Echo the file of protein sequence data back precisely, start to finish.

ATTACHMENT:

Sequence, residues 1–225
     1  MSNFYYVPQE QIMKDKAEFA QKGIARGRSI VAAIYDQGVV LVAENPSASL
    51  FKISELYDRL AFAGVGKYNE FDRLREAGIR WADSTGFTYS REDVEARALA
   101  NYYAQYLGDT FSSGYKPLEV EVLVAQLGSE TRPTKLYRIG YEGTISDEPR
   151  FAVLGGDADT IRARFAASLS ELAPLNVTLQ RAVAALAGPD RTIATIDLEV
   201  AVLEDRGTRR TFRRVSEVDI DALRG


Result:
Sequence, residues 1–225
     1  MSNFYYVPQE QIMKDKAEFA QKGIARGRSI VAAIYDQGVV LVAENPSASL
    51  FKISELYDRL AFAGVGKYNE FDRLREAGIR WADSTGFTYS REDVEARALA
   101  NYYAQYLGDT FSSGYKPLEV EVLVAQLGSE TRPTKLYRIG YEGTISDEPR
   151  FAVLGGDADT IRARFAASLS ELAPLNVTLQ RAVAALAGPD RTIATIDLEV
   201  AVLEDRGTRR TFRRVSEVDI DALRG